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US Nuclear Bunker Buster

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posted on Mar, 31 2003 @ 11:57 AM
I posted this on the end of another thread, but after more thought, I decided that it needs a thread of its own.

Using the Global Positioning System, the United States has the ability to deliver a conventional or nuclear warhead within inches of its target, anywhere in the world. Our adversaries have responded by burying key command and control installations and nuclear and bioweapons laboratories deeper and deeper underground and inside mountains. The only ground penetrator in the current nuclear arsenal is the 1200-pound B61-11 gravity bomb, a wind-tunnel test model of which is shown above. It can penetrate about 20 ft. into a dry lakebed. To reach deeper required weapons designers to strengthen the package used to deliver warheads.

The solution would come in the form of an old weapon, a gun barrel. Artillerymen call the barrels of their guns "tubes." Dating to ancient China, these metallurgical marvels have steadily improved to the point at which they can withstand the forces needed to propel a projectile to the very edge of space. Looking at these historic weapons, scientists at the Department of Energy's (DOE) Sandia National Laboratories in Albuquerque, N.M., realized they had the perfect enclosure for a deep-penetrating nuclear weapon. They took their idea to the field and dropped a mock bomb based on a "retired" artillery tube.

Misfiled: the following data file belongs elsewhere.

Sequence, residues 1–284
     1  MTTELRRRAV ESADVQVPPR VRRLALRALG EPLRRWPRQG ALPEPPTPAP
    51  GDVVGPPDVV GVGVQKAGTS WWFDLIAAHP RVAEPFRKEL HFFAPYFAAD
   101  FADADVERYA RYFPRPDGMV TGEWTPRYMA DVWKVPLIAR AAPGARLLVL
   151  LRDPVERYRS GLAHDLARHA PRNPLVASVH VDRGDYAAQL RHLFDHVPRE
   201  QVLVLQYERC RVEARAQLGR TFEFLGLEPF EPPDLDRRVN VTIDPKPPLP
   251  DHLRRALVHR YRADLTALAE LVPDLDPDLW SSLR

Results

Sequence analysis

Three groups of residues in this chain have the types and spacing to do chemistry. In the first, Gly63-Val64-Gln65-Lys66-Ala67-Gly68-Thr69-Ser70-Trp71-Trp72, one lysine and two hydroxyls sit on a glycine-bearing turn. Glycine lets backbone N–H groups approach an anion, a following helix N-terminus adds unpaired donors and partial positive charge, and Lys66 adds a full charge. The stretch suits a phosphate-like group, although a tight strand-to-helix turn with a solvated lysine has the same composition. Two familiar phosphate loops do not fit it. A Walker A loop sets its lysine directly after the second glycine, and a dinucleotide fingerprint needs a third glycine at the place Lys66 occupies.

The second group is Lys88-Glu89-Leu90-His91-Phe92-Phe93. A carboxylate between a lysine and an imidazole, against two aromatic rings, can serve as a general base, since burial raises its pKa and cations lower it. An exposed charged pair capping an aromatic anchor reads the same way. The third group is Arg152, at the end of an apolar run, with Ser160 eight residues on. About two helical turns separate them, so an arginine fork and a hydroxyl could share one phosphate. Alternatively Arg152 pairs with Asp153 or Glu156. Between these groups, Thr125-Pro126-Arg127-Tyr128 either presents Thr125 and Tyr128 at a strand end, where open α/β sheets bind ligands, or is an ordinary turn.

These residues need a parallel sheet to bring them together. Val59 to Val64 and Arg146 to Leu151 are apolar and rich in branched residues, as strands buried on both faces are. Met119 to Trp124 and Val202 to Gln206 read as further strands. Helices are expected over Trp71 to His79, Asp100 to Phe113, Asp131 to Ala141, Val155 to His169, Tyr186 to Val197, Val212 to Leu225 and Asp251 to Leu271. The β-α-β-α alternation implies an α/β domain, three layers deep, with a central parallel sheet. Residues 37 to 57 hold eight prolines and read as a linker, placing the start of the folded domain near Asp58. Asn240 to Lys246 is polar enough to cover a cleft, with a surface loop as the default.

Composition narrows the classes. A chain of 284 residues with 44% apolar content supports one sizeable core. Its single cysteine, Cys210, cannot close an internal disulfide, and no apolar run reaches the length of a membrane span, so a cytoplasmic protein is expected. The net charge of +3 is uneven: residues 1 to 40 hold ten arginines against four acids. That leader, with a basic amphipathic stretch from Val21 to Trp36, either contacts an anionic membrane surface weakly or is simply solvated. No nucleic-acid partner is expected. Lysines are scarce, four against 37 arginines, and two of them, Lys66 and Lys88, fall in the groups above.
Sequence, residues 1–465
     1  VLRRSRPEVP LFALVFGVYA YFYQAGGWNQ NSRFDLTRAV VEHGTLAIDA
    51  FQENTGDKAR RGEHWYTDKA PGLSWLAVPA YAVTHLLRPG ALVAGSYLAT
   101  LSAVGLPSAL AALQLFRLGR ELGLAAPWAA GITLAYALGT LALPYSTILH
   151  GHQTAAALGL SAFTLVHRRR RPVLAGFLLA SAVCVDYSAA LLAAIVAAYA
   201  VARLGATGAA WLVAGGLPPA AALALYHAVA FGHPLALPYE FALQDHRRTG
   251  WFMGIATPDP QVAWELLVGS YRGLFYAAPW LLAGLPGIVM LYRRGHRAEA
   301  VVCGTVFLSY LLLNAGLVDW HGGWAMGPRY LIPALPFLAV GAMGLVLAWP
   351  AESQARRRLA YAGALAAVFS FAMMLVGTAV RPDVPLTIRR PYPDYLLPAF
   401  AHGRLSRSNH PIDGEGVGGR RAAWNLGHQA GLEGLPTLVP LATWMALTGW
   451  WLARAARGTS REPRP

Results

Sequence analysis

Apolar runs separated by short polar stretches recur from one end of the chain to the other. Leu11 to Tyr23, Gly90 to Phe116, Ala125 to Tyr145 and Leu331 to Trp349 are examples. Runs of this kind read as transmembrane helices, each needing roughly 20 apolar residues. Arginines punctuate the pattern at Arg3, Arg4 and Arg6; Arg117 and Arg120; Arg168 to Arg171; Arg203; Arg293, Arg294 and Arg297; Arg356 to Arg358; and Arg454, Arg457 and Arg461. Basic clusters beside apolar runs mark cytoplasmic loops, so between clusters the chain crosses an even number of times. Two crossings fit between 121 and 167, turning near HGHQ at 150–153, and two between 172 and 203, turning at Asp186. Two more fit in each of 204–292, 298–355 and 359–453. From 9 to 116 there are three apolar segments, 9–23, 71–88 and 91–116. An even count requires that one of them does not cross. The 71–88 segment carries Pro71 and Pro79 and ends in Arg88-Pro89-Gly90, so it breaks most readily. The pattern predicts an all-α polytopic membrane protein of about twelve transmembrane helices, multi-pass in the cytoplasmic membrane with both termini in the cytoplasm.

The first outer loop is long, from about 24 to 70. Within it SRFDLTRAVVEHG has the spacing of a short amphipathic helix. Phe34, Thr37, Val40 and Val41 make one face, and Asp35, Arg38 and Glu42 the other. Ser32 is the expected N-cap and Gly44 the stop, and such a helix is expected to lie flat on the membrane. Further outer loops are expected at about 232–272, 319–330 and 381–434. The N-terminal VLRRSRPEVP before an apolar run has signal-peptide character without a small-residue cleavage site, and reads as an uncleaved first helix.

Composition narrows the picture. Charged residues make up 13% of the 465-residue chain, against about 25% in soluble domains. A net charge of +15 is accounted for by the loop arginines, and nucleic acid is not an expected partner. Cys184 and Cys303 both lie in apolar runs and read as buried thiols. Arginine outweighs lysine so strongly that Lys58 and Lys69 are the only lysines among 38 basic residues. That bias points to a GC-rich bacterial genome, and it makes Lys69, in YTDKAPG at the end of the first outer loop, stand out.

Although the test was successful, there remained a critical technical problem. As a projectile drives through rock, it experiences pressures that can cause even the strongest artillery tube alloys to flow like molten plastic. For a chemical explosive, the resulting deformation is not necessarily critical. However, for a nuclear weapon it is nothing short of catastrophic. Dropping a nuclear weapon that fails to explode is tantamount to giving an enemy a nuclear weapon of their own.

One solution, illustrated on the next page, is to prevent deformation by sheathing the artillery tube in an envelope made of virtually indestructible carbon-nanotube fabric. Recently, Sandia and Los Alamos National Laboratory, also in New Mexico, formed a joint research center, the objectives of which include developing techniques to create bulk quantities of nanomaterials like those needed to sheathe the next-generation bunker buster.



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